The International Association for the Study of Lung Cancer (IASLC) has released recommendations for the use of liquid biopsies to inform the care of patients with advanced non-small cell lung cancer (NSCLC), offering guidance on the clinical collection, processing, and genetic analysis of tumor DNA from peripheral plasma samples.1
These tests can be used for initial molecular diagnosis and for detection of acquired drug resistance mutations.
“Liquid biopsy and its subsequent molecular analysis is a powerful tool that can determine the patient’s molecular tumor profile in order to determine the best therapeutic option and can be applied as an alternative to tissue testing in cases where tumor testing is not possible or tissue is not adequate,” reported statement coauthor Fred Hirsch, MD, PhD, the chief executive officer of the IASLC, in a press release.2
Circulating tumor DNA (ctDNA)-based gene tests for EGFR mutations are already used and tests for ALK and other mutations will soon follow, the authors noted. Other liquid biopsy techniques are in development, including ones that capture circulating tumor cells, platelet RNA, and ctRNA, but these are not yet validated or well understood.
“The IASLC Statement was very comprehensive,” said Edward S. Kim, MD, Chair of Solid Tumor Oncology at the Levin Cancer Institute in Charlotte, North Carolina, who was not an author of the statement paper.
“[The statement] gives guidance around the world about everything from how to collect the specimens to how to process them, the acceptable platforms to run them on and which types of driver alterations or biomarkers are best utilized, or with which we have the most experience,” he continued.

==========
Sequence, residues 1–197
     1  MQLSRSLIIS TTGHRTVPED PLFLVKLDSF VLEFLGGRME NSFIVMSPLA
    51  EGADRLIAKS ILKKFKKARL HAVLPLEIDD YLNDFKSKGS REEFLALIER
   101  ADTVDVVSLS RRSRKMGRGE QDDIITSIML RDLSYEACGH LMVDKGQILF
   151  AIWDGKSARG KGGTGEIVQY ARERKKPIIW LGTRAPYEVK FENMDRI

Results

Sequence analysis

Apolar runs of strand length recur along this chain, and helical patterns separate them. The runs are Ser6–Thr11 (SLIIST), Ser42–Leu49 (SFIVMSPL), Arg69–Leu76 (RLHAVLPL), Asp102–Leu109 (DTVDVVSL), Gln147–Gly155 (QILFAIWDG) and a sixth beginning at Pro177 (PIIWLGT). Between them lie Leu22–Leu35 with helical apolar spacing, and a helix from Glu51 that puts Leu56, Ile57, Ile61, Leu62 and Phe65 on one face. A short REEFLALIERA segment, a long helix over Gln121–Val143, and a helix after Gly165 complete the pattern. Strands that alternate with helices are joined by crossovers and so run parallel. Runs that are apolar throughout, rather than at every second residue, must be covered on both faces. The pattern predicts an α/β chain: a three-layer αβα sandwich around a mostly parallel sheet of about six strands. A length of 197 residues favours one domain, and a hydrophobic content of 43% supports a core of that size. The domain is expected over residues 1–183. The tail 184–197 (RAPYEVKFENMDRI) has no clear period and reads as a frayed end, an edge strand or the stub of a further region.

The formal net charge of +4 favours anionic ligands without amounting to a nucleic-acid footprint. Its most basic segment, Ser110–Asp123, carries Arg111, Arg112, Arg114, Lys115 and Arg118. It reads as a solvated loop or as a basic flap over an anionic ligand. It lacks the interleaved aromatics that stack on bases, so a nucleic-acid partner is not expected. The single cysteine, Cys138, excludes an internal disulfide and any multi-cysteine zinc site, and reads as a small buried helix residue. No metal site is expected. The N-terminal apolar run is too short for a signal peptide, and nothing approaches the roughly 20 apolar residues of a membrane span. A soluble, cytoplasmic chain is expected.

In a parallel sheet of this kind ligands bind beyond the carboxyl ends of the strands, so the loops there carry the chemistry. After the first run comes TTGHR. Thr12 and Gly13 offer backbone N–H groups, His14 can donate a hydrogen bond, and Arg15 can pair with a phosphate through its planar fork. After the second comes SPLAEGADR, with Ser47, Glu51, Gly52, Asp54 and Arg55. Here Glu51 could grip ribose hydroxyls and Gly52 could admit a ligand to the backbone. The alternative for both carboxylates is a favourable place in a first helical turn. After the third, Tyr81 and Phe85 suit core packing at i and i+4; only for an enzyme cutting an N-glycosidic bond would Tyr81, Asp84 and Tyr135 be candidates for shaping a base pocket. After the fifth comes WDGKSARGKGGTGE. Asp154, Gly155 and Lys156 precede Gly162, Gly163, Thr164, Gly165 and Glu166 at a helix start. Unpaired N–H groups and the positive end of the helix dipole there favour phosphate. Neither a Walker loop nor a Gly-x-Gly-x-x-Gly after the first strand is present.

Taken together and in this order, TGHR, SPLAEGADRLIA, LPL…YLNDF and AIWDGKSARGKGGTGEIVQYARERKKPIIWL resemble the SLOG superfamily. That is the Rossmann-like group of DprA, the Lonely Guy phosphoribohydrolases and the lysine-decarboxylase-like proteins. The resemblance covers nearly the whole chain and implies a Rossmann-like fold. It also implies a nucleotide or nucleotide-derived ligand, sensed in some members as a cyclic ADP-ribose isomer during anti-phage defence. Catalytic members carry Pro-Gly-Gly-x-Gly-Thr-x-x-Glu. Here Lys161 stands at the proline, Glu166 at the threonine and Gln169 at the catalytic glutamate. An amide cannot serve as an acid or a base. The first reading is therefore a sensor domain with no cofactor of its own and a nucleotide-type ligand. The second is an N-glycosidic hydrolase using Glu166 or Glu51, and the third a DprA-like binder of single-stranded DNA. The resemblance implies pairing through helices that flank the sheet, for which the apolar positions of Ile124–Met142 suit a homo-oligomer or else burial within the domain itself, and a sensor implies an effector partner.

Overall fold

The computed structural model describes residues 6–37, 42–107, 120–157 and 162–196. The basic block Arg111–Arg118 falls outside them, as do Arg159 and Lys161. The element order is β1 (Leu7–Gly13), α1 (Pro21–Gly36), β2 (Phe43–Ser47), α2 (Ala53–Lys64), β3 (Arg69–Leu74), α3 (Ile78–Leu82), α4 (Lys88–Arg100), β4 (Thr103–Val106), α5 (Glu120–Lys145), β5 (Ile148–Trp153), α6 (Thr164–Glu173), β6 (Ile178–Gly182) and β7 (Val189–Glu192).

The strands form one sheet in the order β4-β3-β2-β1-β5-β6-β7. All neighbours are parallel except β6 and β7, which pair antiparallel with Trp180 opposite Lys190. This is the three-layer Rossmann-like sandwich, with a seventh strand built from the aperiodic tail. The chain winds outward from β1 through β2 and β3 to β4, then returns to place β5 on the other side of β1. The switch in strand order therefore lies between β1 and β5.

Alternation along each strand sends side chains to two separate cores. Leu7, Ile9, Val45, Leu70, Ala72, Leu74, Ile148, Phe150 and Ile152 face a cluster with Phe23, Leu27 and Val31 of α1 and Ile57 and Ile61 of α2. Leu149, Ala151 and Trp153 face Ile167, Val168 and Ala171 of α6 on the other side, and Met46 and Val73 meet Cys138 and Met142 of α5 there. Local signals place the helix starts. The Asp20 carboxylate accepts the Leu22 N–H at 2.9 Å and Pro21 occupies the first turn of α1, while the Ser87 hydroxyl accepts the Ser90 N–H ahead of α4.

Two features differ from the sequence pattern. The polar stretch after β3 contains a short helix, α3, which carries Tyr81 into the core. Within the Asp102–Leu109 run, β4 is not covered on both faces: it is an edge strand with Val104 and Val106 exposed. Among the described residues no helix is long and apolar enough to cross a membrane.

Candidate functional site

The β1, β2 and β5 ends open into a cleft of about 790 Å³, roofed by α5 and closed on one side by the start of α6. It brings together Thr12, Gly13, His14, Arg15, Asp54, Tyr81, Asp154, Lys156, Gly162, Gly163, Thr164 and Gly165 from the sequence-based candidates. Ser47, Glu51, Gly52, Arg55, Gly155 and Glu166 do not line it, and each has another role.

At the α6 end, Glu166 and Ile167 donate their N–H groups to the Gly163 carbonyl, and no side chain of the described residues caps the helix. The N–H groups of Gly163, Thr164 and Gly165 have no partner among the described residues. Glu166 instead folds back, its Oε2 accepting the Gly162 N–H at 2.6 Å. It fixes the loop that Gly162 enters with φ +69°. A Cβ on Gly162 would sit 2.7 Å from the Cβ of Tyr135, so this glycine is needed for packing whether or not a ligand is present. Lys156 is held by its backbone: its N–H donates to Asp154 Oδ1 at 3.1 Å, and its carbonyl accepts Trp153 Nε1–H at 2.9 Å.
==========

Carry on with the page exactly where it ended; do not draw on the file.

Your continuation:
The IASLC statement recommends that liquid biopsies be obtained from patients for whom it is very difficult or risky to perform traditional tumor tissue biopsy. Biopsying metastatic bone tumors can be challenging, for example.
“It’s a natural segue from tissue to blood or serum to help us diagnose patients, determine treatment recommendations using biomarkers, and also assess if a therapy should be continued or stopped,” Dr Kim said. “Down the road, we may be able [use liquid biopsy] to avoid overtreatment of patients.”
The multidisciplinary team of authors recommended the use of “double-spin” plasma isolation and plasma-extracted ctDNA testing, and that plasma extraction occur within 2 hours of blood draw when EDTA tubes are used, or 3 days for preservative tubes. Blood should never be frozen before plasma extraction, they noted. Two standard 10 mL tubes should be used at blood draw. Validated, quantitative PCR (qPCR)-based analysis of EGFR and other targeted mutations is “acceptable,” the authors concluded.